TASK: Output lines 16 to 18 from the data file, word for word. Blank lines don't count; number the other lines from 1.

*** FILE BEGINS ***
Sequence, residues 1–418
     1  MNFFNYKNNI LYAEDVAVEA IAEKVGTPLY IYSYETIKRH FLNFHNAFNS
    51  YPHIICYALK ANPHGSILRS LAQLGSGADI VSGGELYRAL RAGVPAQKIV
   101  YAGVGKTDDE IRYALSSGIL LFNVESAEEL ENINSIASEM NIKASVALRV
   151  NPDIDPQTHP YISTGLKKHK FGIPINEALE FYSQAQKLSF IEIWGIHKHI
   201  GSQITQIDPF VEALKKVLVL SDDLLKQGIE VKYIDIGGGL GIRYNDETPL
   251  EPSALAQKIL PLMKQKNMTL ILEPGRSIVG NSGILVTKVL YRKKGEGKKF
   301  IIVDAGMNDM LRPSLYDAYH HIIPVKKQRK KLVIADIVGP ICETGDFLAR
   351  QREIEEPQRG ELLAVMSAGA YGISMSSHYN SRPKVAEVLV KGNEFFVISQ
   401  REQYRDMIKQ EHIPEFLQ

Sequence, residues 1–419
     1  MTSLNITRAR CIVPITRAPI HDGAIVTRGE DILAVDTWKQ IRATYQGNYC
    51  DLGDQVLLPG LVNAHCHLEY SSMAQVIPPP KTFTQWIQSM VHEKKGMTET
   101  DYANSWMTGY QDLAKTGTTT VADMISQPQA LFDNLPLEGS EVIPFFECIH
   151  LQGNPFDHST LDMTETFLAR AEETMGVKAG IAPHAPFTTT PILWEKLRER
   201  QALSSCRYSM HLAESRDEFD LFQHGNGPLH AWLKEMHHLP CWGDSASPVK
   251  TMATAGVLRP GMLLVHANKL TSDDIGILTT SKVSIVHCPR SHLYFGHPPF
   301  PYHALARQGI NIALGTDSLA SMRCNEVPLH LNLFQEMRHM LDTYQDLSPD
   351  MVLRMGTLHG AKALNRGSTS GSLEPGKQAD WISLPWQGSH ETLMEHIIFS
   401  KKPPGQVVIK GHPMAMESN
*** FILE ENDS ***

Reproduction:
   201  QALSSCRYSM HLAESRDEFD LFQHGNGPLH AWLKEMHHLP CWGDSASPVK
   251  TMATAGVLRP GMLLVHANKL TSDDIGILTT SKVSIVHCPR SHLYFGHPPF
   301  PYHALARQGI NIALGTDSLA SMRCNEVPLH LNLFQEMRHM LDTYQDLSPD